The magic of reading to children

Roger McGough is 80 today and I honestly can’t think of a writer who’s been so influential on me; I believe he’s the reason I’m a writer today. It’s all because of a very strange picture book he wrote called Mr Noselighter. It’s about a man with a candle for a nose, and it’s strange and dark in a way that’s still quite rare in books for young children. I loved that book so much, I used to make my Dad read it to me over and over. Later, when I was too old for bedtime stories, I would listen in when he read it to my younger sister. I loved the sound of the words, the strange and startling images - the rhymes and the rhythm seized me and I don’t think they’ve ever let go.

I love that book also because it reminds me so much of my Dad. Until the day he died a few years ago, he could recite the whole thing because he had read it so often. When I look at it now, it’s a strange book for a child to get attached to; the images are quite scary, the ideas are surreal and the ending doesn’t offer any resolution. Quite why this would become a touchstone isn’t immediately obvious, except it’s all there in the words, the music and magic of them.

The circumstance, too, played a part. My Gran was a strange and unknowable woman who wasn’t much interested in her grandchildren, and she bought the book. I think she chose it because it was dark and she liked to stir up difficulty. I think she thought it might annoy my Mum, or that she could laugh if it gave me nightmares. If so, it backfired because that book is part of the fabric of our family’s history and despite all the darkness, holds nothing but happy memories for all of us.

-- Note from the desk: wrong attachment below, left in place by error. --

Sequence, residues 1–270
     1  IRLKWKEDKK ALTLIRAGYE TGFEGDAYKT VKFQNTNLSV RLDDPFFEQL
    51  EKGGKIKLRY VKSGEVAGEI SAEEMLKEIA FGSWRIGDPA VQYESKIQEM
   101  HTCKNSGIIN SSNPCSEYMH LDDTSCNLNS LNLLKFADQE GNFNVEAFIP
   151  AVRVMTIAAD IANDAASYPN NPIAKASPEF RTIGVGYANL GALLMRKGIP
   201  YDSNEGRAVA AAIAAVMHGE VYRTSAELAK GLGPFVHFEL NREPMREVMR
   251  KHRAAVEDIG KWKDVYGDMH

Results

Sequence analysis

I think that might be the secret of all family histories, a sense of happiness despite the darkness, despite the lack of resolution or neat conclusions. Obviously, that never occurred to me as a child, I just loved the sound of it, and the shivers that would travel down my spine as my Dad read a perfectly timed rhyme. From there, I started reading more children’s poetry and I don’t think I’ve ever looked back.

When I was little, I thought there was no one better in the world at reading stories and poems than my Dad. Part of me still thinks that, but looking back I can see that he enjoyed it as much as I did. He also loved words and language and every time he read that book he gave it his all. We both put so much into that one story, and it repaid us a hundredfold.

So, happy birthday to the man who opened my eyes to poetry, who still shares his enthusiasm and talent on Radio 4. And while I’m here, let me take the time to say… read to your kids. You’ll make memories to last a lifetime and you never know when you’re going to ignite a spark.